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Well, I kind of agree that it’s a game with some notable flaws. My first issue with the game was the use of the whip, which feels a bit blasphemous when we’re talking Castlevania. But the isse for me was that the whip is a great weapon for classicvania and not for metroidvania. See, classicvania is a deliberately paced, careful game. You move slowly, commit to jumps, and have wind ups on your attack. The whip gives the game some weight and heft which fits the style of gameplay. Metroidvania’s though, are generally about speed. You run and smash through enemies because the focus on gameplay is primarily on exploration and movement, and enemies are a hindrance to that. The wind up on the whip slowed this mechanic down, and I think the glyphs and swords of the other metroidvania games I played fit the genre better.

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Another issue I had was with healing. Enemies do lots of damage later on, and short of raqre armour drops, reducing this is hard – in fact, I had decent armour and still frequently ran low on health. Potions can be used but they heal little and drop rarely, so you’ll spend most of your time healing via the DSS system – this lets you equip 2 cards to create special powers. Card drops being rare and untelegraphed also means you might not get the ones you need, but that’s another concern. The problem is the earliest and easiest healing combo of mandragora and Jupiter (I think?) slowly heals HP when you’re not moving. So healing becomes a case of walking to a corner and standing still. As the game goes on, this can take several minutes to fully replenish.

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But despite all these flaws, I had a great time with Castlevania (COTM). The thing is, whilst it’s far from a perfect game, it’s still a lot of fun. The DSS system is fun to play around with. The bosses are big and interesting and feel pretty fair – you can get around issues with clever use of DSS. And the game never felt super obvious where to go next, whilst also not leaving me feeling super lost, so I found lots of secrets from revisiting areas. I’ve heard about this being hard to play on original GBA screens, but if you’re using an original non-modded GBA in 2019 then you should really find yourself a better way to play GBA, as loads of better options exist now.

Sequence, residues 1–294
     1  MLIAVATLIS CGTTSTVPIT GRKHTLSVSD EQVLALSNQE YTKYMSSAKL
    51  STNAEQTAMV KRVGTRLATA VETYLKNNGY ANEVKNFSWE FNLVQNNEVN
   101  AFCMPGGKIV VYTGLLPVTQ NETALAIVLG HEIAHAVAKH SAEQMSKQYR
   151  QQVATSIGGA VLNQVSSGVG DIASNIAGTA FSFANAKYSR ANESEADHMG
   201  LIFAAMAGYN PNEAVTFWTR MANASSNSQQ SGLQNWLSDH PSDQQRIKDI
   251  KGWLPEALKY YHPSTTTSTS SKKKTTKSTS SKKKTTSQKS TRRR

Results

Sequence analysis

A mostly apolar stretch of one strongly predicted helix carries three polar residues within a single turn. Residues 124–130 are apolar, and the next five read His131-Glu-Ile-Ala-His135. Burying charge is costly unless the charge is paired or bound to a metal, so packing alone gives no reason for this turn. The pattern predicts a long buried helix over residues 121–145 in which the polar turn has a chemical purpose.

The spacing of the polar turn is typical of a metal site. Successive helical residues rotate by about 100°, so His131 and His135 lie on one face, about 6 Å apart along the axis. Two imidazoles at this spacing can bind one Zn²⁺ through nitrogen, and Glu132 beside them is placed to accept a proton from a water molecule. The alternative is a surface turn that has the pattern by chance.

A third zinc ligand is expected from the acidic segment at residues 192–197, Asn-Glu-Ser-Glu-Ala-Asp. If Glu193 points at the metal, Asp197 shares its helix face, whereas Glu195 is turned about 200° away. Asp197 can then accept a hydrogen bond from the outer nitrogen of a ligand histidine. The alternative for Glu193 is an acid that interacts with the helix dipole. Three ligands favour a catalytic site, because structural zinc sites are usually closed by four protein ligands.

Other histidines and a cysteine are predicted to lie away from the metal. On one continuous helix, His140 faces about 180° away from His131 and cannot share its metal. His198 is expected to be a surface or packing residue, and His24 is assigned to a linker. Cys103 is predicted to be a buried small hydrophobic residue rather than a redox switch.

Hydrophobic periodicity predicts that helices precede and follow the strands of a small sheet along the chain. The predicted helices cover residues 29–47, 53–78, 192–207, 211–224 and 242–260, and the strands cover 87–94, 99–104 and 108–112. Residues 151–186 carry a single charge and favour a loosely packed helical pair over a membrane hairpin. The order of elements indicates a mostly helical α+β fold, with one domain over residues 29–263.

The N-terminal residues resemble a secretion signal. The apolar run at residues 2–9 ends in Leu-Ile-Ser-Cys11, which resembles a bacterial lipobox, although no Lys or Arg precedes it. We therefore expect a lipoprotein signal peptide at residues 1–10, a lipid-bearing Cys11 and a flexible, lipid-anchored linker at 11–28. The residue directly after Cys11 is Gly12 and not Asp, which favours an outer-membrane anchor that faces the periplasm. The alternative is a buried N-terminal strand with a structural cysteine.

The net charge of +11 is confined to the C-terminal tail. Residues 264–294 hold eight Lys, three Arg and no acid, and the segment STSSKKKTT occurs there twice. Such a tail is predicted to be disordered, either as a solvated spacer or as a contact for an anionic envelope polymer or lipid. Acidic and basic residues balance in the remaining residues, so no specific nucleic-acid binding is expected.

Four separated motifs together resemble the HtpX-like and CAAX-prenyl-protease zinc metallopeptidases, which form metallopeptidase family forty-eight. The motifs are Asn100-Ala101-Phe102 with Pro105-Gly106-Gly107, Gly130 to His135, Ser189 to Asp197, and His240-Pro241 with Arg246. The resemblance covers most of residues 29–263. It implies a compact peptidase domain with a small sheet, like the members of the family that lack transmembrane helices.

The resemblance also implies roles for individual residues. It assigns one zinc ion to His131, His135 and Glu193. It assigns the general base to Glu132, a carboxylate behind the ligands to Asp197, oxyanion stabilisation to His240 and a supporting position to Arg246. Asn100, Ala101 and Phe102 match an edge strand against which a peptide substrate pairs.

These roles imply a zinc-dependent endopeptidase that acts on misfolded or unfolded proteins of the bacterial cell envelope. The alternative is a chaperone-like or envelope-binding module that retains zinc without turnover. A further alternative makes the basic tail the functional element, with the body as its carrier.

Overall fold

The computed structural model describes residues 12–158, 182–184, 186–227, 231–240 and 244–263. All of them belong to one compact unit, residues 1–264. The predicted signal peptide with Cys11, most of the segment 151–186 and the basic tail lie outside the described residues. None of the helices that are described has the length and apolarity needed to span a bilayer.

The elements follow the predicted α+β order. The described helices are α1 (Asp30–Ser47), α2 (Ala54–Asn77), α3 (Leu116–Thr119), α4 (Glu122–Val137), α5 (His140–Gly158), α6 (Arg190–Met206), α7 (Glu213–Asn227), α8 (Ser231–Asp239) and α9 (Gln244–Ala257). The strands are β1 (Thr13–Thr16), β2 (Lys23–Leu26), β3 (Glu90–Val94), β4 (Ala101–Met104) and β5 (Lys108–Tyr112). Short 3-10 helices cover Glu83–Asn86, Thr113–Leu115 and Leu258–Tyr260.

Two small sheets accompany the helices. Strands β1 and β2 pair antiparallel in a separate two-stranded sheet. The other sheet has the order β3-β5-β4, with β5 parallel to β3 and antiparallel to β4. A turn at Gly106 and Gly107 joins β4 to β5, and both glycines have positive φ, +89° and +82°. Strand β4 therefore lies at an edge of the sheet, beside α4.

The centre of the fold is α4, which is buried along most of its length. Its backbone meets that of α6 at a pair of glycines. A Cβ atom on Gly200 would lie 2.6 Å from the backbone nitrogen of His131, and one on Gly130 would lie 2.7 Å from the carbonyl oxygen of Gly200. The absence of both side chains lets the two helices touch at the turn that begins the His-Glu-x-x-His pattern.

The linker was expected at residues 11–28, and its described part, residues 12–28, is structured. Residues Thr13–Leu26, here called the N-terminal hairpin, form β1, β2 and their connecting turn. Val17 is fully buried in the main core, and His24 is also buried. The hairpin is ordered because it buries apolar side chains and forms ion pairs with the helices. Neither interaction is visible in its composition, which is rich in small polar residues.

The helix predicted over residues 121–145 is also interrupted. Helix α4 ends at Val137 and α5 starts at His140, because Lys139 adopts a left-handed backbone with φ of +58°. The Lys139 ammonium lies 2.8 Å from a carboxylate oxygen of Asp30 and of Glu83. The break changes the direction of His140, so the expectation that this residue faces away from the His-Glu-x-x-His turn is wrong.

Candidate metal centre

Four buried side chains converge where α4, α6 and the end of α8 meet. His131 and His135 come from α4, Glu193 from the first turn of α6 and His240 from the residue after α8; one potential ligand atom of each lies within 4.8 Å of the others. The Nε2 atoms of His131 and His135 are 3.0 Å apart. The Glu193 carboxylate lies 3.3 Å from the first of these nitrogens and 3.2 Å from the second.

Personally, I’d happily recommend this title to anyone. It’s not too pricy, it’s a lot of fun. Other Metroidvania games may be better, but that doesn’t make this one bad. Quite the opposite, I had a blast.







Mario Party

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Back in the day, I was a big Mario Party fan, as I think most kids my age were. It was a fun game to play with friends, with lots of opportunity for comebacks, and with some mini-games that different people were better or worse at than other meaning things could turn around quickly. Me and my buddy used to play it a lot at his place – originally with Mario Party 2, but later moving on to Mario Party 3, 4 and 5, before we eventually tired of the formula. But Mario Party 2 and 3 were our N64 games of choice back then – neither of us owned Mario Party 1, so when I picked this up at a retro event last year, it was with only the basic knowledge of the series.

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And Mario Party 1 does some things a bit differently. The core formula is the same – walk around a board, collecting coins which you can use to buy stars when you land on the appropriate space. Mini-games appear at the end of turns, where you can win more coins. But some things are different – the boards for example all have different gimmicks that are unique – Mario’s stage is linear with the star at the end, whereas peach’s board has the opportunity to plant star stealing piranha plants for other players.